Benigno’s obsession with the gorgeous ballet dancer Alicia (Leonor Watling, so enchanting and delicate and independent that she seems to be in more of the film than she actually is) makes for the film’s most intricate structures and visual idiosyncrasies, but it’s Zuluaga’s moist purity and dewy empathy that pushes Talk to Her into the realm of the spiritual. Much remains unspoken in Talk to Her, those truths that men often can’t bring themselves to discuss, yet Almodóvar translates those muffled male murmurings to cinematic expression. With these two fragile men there are no tricks or reversals: Just as our fears that the male nurse might be sexually dangerous, or even psychologically disturbed, are validated, our faith in the justness and purity of Marco’s intentions (all caught up in his shortcomings as lover though they might be) is rewarded. The two meet inauspiciously when Marco’s striking (and strikingly masculine) toreador girlfriend, Lydia, is gored in the ring, and she is admitted to Benigno’s hospital care unit. Benigno, meanwhile, takes a special pleasure in caring for the equally comatose Alicia.
Almodóvar shoots the bull’s attack from a distance; Lydia, like Alicia, is objectified as something lovely yet unattainable, an odd, almost alienating switch for Almodóvar, who normally portrayed women as sexual beings only so far as they are able to attain a power position (even if it comes from struggle, as in Tie Me Up! Tie Me Down!); otherwise they are strong and in control, even when spiraling out of it. Men on the other hand, come with all the attendant psychological damage and irrationality most straight male filmmakers associate with their opposite sex. (See the succession of fucked-up guys in Bad Education, or, rather, see Law of Desire, in which Almodóvar makes quite an erotic show of Antonio Banderas’s luscious femme fatale-ish boytoy, who really brings down the house.) So, to even further take away the women’s voices in Talk to Her inevitably struck some as a self-defeating move on Almodóvar’s part. Yet what this brings is a surprising calm, a chance to focus on those moments elided in his other films. In other words, if men in Almodóvar equal empty space, then Talk to Her is a film made up of empty spaces.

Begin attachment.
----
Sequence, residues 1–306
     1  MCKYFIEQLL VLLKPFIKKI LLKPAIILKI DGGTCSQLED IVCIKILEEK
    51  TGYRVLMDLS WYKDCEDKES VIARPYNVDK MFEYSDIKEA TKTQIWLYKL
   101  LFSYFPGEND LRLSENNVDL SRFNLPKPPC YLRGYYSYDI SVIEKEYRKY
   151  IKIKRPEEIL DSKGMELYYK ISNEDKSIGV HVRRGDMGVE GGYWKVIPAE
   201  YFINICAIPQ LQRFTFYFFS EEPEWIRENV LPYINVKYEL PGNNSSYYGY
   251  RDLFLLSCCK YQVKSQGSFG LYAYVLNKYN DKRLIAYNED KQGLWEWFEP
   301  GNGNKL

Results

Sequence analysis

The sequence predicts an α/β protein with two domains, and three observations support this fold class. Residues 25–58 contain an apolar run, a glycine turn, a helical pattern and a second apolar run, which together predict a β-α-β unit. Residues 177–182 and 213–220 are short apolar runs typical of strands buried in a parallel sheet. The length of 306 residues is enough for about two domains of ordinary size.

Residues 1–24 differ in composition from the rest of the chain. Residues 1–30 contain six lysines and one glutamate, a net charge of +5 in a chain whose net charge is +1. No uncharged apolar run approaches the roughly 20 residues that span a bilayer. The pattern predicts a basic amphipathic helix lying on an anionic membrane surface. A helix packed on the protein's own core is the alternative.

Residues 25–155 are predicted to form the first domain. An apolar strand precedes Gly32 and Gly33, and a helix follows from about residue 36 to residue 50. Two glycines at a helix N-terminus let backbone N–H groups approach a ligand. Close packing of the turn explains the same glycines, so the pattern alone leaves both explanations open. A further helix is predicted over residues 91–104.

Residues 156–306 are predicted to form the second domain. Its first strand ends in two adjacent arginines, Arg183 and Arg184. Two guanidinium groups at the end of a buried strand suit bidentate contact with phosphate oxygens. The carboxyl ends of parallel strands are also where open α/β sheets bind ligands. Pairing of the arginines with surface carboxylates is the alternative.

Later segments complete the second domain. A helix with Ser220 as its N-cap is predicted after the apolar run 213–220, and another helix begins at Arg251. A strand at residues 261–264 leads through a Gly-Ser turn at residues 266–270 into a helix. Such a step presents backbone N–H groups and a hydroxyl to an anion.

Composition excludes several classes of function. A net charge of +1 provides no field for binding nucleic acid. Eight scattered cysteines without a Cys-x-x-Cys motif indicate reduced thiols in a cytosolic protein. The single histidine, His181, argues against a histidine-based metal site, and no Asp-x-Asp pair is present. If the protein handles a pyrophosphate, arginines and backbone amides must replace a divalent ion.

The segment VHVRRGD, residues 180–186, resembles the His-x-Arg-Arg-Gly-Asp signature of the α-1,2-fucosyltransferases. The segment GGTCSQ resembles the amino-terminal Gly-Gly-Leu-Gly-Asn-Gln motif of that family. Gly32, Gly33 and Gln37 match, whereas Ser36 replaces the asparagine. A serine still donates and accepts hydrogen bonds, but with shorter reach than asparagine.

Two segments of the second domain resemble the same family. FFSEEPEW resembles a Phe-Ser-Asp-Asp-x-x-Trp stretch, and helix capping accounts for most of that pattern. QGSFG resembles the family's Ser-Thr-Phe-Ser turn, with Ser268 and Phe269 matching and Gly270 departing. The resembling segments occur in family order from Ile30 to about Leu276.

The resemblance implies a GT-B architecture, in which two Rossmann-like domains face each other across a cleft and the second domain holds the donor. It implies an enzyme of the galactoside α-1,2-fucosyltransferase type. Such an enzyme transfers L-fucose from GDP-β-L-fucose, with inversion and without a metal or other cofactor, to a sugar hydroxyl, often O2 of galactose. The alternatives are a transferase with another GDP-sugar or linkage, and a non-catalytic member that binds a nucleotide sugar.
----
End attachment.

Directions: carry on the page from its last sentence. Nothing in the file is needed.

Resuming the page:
Filling those empty spaces are sequences that flirt with outrageousness yet ultimately find some sort of solace in them. (It acknowledges the fabulousness, and sadness, of everyday living.) These include the Pina Bausch dance numbers that bookend the film, with their simultaneously distanced and overwhelmingly emotional modern technique; the moment terrorized by the threat of a snake loose inside a living room, which is kept offscreen; and mostly, the interjection of the utterly mesmerizing, surprisingly complete black-and-white silent short “Shrinking Lover,” which Benigno saw in his off-hours and is describing blow-by-blow for the eternally listening (or is she?) Alicia, which serves as the perfect microcosm and emotional counterpoint to the film proper. It’s in this final sequence where Almodóvar most asserts his vision: sex (here heterosexual but completely divorced from normalcy) painted on a grand canvas, a gigantic rubber vagina in which a tiny man, rapidly decreasing in size due to an elixir, can literally disappear, envelop himself in silence and retreat into ecstasy. A promise of eternal silence.